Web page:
In accordance with our meta agreement to have topic challenges and a later meta agreement to have topic challenges lasting for two months and overlapping by one month, it is time to announce the June–July 2020 topic challenge.

Based on the number of votes, the sixth topic challenge of the year 2020 will be

Korean Folklore

What's a topic challenge?

See the meta posts linked above, and also this main meta post. In short, during June–July 2020 we should all try to read Korean folklore and fairy tales.

Participation is not obligatory in any sense, and questions on other works are more than welcome during June and July too; they just won't count as part of this topic challenge.

How can I take part?

By getting hold of Korean folktales and fairy tales and asking good questions about them. Questions about and either or . We'll keep a list of all such questions in an answer to this meta post.

Below is North Læraðr's original presentation of this topic challenge, which contains links to online resources:

(...) In terms of questions, it's a bit harder to ask about the usage of the language, since most of these stories are told orally. Anyone familiar with Chinese folktales can definitely ask questions about how the stories relate. Any references that were lost in translation, I would be happy to explain.

A link on Korean folklore: https://en.wikipedia.org/wiki/Korean_folklore

Some stuff you should probably know about Korean folklore:

  • Goblins aren't inherently evil. You can find a link about them below.
  • Tigers are pretty much always evil and try to eat people.
  • Magpies (sometimes translated as pheasants, they're WRONG) are a sign of good luck and are benevolent.

These are stories I grew up with when I was young and bring back a plethora of good memories. Here are some of my favorites:

  • Heungbu and Nolbu a story about greed and kindness, after one brother, saves a magpie's life.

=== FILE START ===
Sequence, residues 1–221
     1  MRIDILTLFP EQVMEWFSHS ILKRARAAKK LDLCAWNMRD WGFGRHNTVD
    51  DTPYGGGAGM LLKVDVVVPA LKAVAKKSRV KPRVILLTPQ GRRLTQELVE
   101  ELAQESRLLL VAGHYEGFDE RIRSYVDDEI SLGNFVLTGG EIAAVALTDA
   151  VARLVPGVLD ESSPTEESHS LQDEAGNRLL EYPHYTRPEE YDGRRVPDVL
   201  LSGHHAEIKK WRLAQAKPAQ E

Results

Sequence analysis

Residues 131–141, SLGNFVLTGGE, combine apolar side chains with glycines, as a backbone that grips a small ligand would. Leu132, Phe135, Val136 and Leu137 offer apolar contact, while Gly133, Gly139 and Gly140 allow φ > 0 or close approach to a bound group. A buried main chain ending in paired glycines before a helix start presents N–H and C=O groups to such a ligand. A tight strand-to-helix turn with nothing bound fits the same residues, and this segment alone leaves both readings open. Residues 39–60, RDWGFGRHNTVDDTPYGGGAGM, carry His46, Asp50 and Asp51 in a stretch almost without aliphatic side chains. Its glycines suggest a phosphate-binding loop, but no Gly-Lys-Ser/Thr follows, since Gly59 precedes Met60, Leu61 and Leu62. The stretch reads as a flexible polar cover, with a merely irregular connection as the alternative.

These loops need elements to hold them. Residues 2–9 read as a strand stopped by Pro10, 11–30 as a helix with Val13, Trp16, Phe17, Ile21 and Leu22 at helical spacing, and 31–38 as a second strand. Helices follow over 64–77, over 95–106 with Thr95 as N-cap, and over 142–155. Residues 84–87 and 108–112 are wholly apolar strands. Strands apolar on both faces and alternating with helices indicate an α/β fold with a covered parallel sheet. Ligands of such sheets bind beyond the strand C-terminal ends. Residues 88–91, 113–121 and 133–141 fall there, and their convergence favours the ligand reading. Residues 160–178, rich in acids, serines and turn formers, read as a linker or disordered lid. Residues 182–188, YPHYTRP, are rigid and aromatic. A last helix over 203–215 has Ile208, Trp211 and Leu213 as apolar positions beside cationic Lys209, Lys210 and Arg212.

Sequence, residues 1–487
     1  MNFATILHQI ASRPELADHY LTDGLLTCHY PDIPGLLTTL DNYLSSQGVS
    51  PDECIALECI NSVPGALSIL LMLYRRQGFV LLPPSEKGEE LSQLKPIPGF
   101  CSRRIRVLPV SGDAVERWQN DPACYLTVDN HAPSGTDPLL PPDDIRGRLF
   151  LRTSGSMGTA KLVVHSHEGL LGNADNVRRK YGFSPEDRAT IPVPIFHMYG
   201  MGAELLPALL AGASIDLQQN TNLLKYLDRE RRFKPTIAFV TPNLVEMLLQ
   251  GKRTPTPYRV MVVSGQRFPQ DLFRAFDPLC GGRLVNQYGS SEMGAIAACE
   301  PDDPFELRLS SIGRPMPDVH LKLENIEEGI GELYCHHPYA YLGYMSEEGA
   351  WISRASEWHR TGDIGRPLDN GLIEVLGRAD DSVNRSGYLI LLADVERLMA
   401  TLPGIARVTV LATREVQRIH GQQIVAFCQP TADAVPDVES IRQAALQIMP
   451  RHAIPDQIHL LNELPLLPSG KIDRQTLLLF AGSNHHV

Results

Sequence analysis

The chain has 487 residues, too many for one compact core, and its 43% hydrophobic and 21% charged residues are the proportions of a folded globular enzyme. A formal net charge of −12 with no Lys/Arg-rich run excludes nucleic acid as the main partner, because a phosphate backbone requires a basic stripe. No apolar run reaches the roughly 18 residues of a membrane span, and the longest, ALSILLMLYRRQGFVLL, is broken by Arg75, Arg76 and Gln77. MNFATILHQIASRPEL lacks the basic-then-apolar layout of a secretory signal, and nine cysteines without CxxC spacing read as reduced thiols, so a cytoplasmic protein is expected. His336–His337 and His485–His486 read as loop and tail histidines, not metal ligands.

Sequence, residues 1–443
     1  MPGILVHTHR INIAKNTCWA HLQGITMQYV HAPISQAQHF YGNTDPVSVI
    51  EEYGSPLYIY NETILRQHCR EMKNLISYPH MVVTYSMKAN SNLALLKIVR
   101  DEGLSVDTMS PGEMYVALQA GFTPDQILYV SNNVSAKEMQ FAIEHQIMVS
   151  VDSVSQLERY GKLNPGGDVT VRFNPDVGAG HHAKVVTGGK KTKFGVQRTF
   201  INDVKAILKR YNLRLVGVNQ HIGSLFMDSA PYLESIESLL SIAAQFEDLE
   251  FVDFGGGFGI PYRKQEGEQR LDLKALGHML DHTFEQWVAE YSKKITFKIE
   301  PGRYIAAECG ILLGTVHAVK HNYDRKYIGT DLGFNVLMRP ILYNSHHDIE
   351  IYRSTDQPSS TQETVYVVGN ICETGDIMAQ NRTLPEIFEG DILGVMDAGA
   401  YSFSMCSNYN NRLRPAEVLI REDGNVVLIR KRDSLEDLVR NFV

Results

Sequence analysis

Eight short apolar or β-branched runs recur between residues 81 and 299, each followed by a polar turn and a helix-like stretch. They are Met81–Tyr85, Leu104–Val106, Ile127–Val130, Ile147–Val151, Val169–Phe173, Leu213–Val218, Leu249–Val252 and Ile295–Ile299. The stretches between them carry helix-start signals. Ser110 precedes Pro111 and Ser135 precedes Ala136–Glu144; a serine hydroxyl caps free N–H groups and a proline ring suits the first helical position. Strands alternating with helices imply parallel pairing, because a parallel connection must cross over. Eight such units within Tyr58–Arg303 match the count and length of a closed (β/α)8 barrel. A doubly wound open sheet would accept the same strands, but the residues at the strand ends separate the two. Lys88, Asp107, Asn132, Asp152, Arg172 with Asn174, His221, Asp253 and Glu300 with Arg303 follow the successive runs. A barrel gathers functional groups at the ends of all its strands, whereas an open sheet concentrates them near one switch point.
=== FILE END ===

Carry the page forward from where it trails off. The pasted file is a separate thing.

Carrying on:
• Magpie and the Bell is a legend about two birds who repay a man who saved them. Very heartwrenching.
  • The Tiger and the Persimmon is a humorous tale about how a tiger becomes afraid of a dried fruit out of ignorance. The persimmon in this story is a popular Korean treat where the persimmon is hung and left to dry. Mm!
  • The Goblin's Club is another humorous tale, this time involving Korean goblins known as a Dokkaebi. The club they speak of is like a magic wand, though in other myths the clubs have a mind and life of their own.
  • Sun and the Moon is a charming story about how two children became the sun and the moon. The translation is rather Christianized, the "Heavenly Lord" and "God" are actually one of the Korean shamanism known as Haneulnim ("heavenly king")

You can find a couple of other Korean Folklores here.
And another book with a collection of folktales here, though I've never seen this one before. A google site dedicated to a list of Korean Folktales.
Here's a book on Korean folktales. I don't have a copy of it, but it is one of the better collections of translated Korean folktales. You can order a copy from here.

Update: Archive.org has a volume of Korean folktales: Korean Folk Tales: Imps, Ghosts and Fairies, translated by James S. Gale (1913).

What's next?

1 Answer 1


List of all questions posted in this topic challenge

The highest-voted of these is Why do many Korean folk tales start with "back when tigers smoked"?, with a score of 30 at the end of July.

The most viewed is Why do many Korean folk tales start with "back when tigers smoked"?, with approximately 8,000 views during the month of July, due to it becoming a "hot network question".

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